A2 Milk [NZX: ATM], which is facing copycat health claims about the A2 beta-casein protein variant in its largest market of Australia, has released a study suggesting the protein doesn't provoke digestive discomfort the way the more common A1 variant does.
The Curtin University study, funded by NZX-listed A2 Milk and published in the European Journal of Clinical Nutrition, is the first clinical trial of A1 and A2 milk proteins on human digestion. A2 Milk markets its products as potentially being beneficial for people who suffer intolerance to the A2 protein, including bloating and stomach pain and it has captured some 5 percent of the Australian fresh milk market.
Among the findings was that the A1 beta-casein led to a "looser" stool consistency with the effect particularly strong for women.
"The logical next step is to source furher funding for more scaled human studies to further understand the digestion differences between A1 beta-casein in milk amongst different groups of people and that will be my focus going forward," Associate Professor Sebely Pal of Curtin University said in a statement.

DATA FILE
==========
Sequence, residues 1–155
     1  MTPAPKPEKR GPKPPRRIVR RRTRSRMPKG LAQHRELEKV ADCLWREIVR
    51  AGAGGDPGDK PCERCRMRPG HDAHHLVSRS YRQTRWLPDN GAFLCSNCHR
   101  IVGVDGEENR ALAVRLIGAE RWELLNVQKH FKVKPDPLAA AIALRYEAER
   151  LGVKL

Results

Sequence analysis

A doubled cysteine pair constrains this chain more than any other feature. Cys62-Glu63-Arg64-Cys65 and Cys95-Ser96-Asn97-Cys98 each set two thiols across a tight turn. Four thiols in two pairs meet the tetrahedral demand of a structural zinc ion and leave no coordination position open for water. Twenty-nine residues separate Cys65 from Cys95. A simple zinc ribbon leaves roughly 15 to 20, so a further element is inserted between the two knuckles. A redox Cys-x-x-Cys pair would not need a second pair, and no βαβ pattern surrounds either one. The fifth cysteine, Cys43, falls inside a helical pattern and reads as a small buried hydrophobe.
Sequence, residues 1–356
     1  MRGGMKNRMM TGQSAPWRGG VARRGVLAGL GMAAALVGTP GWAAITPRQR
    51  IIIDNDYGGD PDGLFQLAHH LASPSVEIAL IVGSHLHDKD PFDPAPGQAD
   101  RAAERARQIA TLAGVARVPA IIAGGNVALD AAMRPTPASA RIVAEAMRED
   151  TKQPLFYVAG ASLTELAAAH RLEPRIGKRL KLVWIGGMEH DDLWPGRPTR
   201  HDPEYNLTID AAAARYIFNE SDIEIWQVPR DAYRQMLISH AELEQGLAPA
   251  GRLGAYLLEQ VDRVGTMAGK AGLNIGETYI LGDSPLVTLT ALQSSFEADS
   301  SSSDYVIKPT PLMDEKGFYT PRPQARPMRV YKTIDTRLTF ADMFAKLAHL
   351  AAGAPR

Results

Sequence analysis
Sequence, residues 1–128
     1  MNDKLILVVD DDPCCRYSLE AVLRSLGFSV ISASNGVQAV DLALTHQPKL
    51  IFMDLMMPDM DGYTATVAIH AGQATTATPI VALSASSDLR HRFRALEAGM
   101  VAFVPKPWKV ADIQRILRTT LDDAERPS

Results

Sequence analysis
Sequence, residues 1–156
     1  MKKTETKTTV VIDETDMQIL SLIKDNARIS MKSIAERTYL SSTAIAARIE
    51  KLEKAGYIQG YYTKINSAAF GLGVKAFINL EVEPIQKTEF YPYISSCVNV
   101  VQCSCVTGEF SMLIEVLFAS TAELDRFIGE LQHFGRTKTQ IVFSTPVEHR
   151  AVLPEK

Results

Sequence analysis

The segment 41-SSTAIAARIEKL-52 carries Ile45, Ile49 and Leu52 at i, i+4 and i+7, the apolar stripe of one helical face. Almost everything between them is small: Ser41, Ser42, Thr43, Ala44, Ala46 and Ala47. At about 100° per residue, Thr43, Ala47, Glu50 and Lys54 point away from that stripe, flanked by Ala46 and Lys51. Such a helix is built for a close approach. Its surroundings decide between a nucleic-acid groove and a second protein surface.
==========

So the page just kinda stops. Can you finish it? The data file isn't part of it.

Researchers at the university carried out an eight-week double-blind study of 41 people, who were fed A1 or A2 milk and then tested their stool samples and recorded symptoms such as "bloating, abdominal pain, flatus and difficulty in voiding." The study found there were differences.
"These preliminary results suggest differences in gastrointestinal responses in some adult humans consuming milk containing beta-casein of either the A1 or the A2 beta-casein type, but require confirmation in a larger study of participants with perceived intolerance to ordinary A1 beta-casein-containing milk," the researchers wrote.
A2 Milk lifted branded sales in Australia by 28 percent in its first half and when it released the results in February it estimated that it had 8 percent market share of fresh milk sold through grocery stores such as Coles and Woolworths. Earlier this year year, milk processor Lion changed the labelling on its Pura and Dairy Farmers milk to include a reference to the A2 protein, while rival dairy company Parmalat has reportedly hired a consultant to help it try to discredit the health claims.
A2 Milk shares rose 3 percent to 66 cents on the NZX today and have dropped about 19 percent this year, while the NZX 50 Index gained 6.8 percent. The stock is rated a 'buy' based on the consensus of four analysts polled by Reuters.
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